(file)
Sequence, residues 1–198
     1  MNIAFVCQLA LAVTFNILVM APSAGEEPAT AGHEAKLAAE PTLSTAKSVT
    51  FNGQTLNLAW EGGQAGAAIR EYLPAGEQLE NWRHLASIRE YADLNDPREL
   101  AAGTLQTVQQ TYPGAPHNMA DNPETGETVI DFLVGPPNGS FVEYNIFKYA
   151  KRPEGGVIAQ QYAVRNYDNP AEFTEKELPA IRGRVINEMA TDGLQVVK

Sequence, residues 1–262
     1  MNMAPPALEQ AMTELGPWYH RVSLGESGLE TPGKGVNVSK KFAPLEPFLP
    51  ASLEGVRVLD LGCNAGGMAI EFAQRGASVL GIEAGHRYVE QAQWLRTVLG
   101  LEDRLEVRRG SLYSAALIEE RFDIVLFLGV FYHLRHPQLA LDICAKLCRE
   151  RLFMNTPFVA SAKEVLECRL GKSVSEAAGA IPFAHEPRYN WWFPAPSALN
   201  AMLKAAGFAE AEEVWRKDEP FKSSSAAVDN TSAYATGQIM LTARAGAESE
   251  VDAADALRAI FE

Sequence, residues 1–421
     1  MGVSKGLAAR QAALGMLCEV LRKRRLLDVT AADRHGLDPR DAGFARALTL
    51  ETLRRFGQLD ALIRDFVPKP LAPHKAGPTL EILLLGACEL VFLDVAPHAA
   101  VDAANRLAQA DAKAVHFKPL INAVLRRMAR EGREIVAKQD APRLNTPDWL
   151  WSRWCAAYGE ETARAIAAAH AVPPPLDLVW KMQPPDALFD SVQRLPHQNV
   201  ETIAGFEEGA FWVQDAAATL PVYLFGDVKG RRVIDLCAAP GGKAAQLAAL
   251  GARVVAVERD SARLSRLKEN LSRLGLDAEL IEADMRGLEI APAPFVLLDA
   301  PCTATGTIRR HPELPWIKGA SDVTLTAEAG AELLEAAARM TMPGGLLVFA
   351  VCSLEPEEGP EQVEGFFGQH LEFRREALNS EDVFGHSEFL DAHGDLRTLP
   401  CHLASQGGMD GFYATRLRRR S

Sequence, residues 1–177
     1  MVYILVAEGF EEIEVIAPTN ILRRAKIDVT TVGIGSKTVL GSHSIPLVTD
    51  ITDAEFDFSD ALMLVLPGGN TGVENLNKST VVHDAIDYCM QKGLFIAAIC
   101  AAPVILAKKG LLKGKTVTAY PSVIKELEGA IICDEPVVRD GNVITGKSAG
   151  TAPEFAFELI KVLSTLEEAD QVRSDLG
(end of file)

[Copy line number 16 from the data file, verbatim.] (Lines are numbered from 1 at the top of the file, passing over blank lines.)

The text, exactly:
   101  VDAANRLAQA DAKAVHFKPL INAVLRRMAR EGREIVAKQD APRLNTPDWL